Hope everyone had a good dinner, turkey or not. I was just going to chill out this four day weekend but decided to go the turkey route on a whim. My son's wistful questioning of whether we will be having turkey was the catalyst. This time we went with a fresh turkey (diestel heidi) from Whole Foods. Whether it is the 'natural' part or PW's brine, the meat was much flavorful and tasted almost like chicken this time! Almost is the word. Another family brought their turkey and my son proved the point by going for seconds on ours:-))) Their gravy was way better than mine though...I am not going to write the whole turkey process again here but will add some notes. I see these notes are helping me to repeat the good results.
Basted the turkey with canola oil instead of butter and kept the windows open so going to 500F did not activate the smoke alarm. Next time I will bast a little more conservatively or use canola butter as the skin got a little more charred than desired. Inserting the thermometer after the 500 F step and poking until I found a reading in the breast area which was closer to 100F helped. I think another meter for the thighs may be needed for a larger turkey. It was a thirteen pounder this time. Alton Brown's video is good as always. I'll note down PW's brine recipe here with small changes I made since it was a last minute decision to go with it. I also used a new gravy recipe which, while better than my last one is still not there yet. It is not the recipe's fault methinks. I just need to try small adjustments until we find our own taste because the better gravy from our friends followed similar steps as my last try. They also added chilies while cooking and removed after wards. Having a fat separator for next time may be a good idea.
One thing about the meat thermometer you can do if you don't use it more than once or twice a year is to take the battery out when you store it so it will not get damaged. We had loved the stuffing from last year and it came through again. Bought some sliced brioche loaves which went amazingly well with the turkey dinner! PW's mashed potato is as awesome as it was last time. Our cranberry sauce came out as good as last time as well. A colleague talked about a tandoori turkey recipe that they used which came out good. I might try that next time (need not be next year) and will let you know if I do. Everyone got busy eating and so didn't get much time to take more pictures. The split Turk was all I could manage:-)
Turkey Brine (from PW)
In The Mix
turkey - 1 washed, pat dried and emptied of neck and giblets (13 lbs is what we had this time)
kosher salt - 1 1/2 cups
brown sugar - 2 cups
vegetable stock - 2 quartz
water - 2 quartz
fresh squeezed orange juice - from 1 orange
garlic - 1 cloves, crushed and minced
dried bay leaves -4 to 5
rosemary - 2 to 3 sprigs
orange peel - from 2 tangerines ( this is an awesome ingredient for the brine)
ice - 30 cubes
water - 1 gallon
How To Do
Boil all ingredients except the 1 gallon of water and ice in a large pan and completely cool down. Pour into brining bag placed in a 5 gal. bucket. Add the 1 gallon of water and half the ice. Put the turkey breast-first into the brine and add the rest of the ice. Zip up the brining bag and place all in the refrigerator. Add weights if the bird floats up. Take out and completely wash in cold water after about 16 hours.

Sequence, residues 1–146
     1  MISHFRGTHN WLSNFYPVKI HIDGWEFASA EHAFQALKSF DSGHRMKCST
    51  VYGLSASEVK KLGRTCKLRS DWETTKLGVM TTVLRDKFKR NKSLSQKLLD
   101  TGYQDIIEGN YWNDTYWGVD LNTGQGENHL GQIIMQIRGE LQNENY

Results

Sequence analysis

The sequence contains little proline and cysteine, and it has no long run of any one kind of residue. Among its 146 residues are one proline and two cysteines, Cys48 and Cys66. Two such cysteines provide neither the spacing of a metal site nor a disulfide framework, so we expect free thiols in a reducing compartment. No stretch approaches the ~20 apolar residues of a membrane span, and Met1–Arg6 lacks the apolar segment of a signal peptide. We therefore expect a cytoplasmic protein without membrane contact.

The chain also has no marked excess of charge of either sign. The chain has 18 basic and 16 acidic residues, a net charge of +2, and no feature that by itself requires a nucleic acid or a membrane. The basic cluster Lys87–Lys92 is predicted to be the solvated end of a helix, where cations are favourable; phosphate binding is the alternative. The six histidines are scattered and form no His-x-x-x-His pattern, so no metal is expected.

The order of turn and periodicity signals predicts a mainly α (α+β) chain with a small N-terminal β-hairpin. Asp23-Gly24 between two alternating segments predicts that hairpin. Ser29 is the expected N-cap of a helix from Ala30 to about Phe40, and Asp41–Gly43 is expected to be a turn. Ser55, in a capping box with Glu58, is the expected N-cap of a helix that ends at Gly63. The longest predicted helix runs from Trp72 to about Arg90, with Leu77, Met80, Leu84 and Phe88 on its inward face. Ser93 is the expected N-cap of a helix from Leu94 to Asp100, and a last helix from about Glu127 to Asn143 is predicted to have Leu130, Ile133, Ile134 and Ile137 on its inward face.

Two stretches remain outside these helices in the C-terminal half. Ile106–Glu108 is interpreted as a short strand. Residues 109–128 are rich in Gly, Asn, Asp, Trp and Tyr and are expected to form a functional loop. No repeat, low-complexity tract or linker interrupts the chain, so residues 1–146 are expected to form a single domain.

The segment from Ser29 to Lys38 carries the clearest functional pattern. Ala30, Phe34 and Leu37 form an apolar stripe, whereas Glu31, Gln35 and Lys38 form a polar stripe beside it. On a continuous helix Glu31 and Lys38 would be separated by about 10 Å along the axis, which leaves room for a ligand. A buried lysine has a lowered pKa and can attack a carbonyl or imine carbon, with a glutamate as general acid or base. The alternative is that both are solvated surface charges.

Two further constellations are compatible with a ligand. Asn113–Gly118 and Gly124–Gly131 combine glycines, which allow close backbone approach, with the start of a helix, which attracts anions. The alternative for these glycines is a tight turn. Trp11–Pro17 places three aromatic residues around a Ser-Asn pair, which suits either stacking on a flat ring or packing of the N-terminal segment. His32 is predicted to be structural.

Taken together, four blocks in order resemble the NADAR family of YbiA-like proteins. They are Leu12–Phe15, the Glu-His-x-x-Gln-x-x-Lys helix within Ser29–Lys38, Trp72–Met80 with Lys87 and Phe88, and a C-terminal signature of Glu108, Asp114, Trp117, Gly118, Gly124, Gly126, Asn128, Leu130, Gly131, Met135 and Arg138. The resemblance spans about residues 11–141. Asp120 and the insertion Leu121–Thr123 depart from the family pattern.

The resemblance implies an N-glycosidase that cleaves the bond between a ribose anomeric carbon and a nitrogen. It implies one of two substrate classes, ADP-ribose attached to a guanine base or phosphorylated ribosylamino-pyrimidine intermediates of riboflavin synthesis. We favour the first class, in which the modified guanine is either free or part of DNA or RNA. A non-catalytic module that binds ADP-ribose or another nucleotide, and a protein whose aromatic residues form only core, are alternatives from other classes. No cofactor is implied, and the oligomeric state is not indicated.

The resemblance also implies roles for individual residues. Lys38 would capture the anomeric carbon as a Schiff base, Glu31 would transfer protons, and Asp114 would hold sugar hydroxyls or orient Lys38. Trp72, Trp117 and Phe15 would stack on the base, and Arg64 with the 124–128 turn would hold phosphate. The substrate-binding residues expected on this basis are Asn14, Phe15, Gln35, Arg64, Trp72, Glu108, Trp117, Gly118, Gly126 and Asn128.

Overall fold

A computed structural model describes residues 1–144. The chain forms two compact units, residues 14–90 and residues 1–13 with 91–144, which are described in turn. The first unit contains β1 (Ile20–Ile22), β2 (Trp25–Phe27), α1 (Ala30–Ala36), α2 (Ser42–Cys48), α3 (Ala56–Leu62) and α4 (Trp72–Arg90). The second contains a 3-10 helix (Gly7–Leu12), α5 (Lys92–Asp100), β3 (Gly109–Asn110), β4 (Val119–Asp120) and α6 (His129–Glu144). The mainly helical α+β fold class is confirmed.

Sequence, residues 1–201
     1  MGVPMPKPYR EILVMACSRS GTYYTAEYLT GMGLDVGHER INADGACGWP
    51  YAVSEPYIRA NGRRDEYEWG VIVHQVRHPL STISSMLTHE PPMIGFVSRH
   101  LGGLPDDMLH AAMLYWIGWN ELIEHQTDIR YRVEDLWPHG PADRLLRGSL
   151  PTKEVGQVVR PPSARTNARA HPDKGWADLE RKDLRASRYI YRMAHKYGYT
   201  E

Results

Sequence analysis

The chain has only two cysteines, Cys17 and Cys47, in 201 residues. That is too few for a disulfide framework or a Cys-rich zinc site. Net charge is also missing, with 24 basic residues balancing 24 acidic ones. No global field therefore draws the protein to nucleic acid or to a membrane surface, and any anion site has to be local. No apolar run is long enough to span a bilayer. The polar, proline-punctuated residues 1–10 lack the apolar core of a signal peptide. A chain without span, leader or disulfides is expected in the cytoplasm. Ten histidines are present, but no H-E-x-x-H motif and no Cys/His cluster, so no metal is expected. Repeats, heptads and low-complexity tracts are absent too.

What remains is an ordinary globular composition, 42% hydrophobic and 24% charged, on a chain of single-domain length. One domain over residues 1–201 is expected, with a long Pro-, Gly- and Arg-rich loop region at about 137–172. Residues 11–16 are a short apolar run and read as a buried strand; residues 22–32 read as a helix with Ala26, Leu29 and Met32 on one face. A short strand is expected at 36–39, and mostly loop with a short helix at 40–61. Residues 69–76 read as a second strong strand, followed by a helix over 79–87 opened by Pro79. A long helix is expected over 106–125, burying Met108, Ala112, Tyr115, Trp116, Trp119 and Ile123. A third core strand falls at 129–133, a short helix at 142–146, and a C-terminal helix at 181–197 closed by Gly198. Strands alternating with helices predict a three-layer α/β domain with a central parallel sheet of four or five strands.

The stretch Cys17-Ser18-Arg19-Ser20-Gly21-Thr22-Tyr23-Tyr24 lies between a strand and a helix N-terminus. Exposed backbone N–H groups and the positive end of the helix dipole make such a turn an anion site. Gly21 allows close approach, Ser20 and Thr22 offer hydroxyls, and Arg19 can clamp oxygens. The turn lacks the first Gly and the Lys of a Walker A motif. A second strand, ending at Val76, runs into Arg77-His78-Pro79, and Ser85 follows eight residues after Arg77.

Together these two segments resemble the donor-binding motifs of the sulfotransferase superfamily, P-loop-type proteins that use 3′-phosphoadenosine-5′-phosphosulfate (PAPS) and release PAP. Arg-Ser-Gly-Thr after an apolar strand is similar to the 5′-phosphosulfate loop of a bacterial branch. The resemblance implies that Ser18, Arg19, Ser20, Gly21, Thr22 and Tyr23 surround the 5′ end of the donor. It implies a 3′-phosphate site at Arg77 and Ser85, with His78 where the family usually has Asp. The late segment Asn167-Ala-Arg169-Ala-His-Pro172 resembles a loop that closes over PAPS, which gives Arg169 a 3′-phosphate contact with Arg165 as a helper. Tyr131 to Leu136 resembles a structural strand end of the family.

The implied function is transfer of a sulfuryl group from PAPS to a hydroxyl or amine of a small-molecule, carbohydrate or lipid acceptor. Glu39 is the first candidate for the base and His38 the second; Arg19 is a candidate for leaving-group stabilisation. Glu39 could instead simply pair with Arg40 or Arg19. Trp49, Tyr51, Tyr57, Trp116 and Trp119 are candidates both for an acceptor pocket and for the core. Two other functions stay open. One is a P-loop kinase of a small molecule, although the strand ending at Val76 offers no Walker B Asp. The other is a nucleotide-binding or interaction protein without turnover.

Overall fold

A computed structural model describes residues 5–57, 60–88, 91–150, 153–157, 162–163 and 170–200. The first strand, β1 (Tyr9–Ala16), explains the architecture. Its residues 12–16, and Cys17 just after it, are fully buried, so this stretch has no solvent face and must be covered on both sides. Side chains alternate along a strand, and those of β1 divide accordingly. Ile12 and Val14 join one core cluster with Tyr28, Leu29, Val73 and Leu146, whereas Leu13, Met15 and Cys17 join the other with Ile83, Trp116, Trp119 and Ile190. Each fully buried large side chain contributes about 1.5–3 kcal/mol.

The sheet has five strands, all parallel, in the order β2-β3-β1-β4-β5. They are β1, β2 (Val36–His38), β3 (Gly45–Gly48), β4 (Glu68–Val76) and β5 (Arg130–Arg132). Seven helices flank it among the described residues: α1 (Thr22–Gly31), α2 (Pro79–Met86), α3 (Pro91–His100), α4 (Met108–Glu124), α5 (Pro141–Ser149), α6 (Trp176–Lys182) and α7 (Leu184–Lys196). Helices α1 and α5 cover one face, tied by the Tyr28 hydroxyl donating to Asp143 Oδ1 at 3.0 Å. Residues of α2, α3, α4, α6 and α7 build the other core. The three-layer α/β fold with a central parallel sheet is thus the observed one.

This Year's Gravy (from food.com)
In The Mix
vegetable oil - 1 tbsp
turkey necks - 2 cut into 2-3 pieces ( got an extra neck from the meat dept. as there were no wings)
red onion - 1 large diced
carrots - 2 large, cut into 4 pieces
celery - 2 stalks, cut into 4 pieces
garlic - 2 cloves sliced in half
dry white wine - 1/2 cup
chicken broth - 4 1/2 cups ( my gravy got too thick and so i added more)
dried thyme - 1/4 tsp
all purpose flour - 1/2 cup
water - 3 cups
How To Do
In a stir fry pan, heat oil and shallow fry the turkey pieces for 10-15 minutes until they turn color.
Add onions, carrots, celery, garlic and cook for another 10 minutes till veggies and turkey get browned. Move all to a large bowl.
Add wine to the pan, stir to loosen brown bits, and put turkey and veggies back. Add water, thyme, broth and boil over high heat. Reduce heat to medium low and simmer uncovered for 45 minutes. The stock is extremely tasty at this point. I wanted to give up the gravy idea and just wanted to keep it as a soup instead!
Things didn't go as smooth once I added the flour because the meat I had didn't have enough fat. I added the flour without thinking about it which made clumps and took a few sieves to clean-up. I am just getting the hang of it. With two gravy experiences under my belt I might be luckier next time making it more tasty...
Anyway once done simmering, strain into a fat separator or measuring cup and let the liquid sit for a few minutes. Once fat gathers at the top, skim it to get a 1/4 cup and discard remaining fat if any. Add this to the pan and add the flour slowly. Maybe a fresh pan may not have clumped the mixture. Fry the flour mix till golden brown and add the strained gravy. Mix well, let boil and reduce to gravy consistency. Once cooled it is ready to go with the meal or into the refrigerator to be heated when needed. I had to add more broth when I took it our for reheating since it had gotten too thick.
Once all got done, the house was cleaned up and we got time to rest a little and enjoy the view before guests arrived. Just forgot to click more pictures at this time..... Baking the bird is lots of fun and I love how the house feels when all of this is going on along with H and the kiddos. Until next time then and no, I didn't go shopping today. I am waiting until those shoes I want go on sale. I'll take a pair in the dark brown please:-)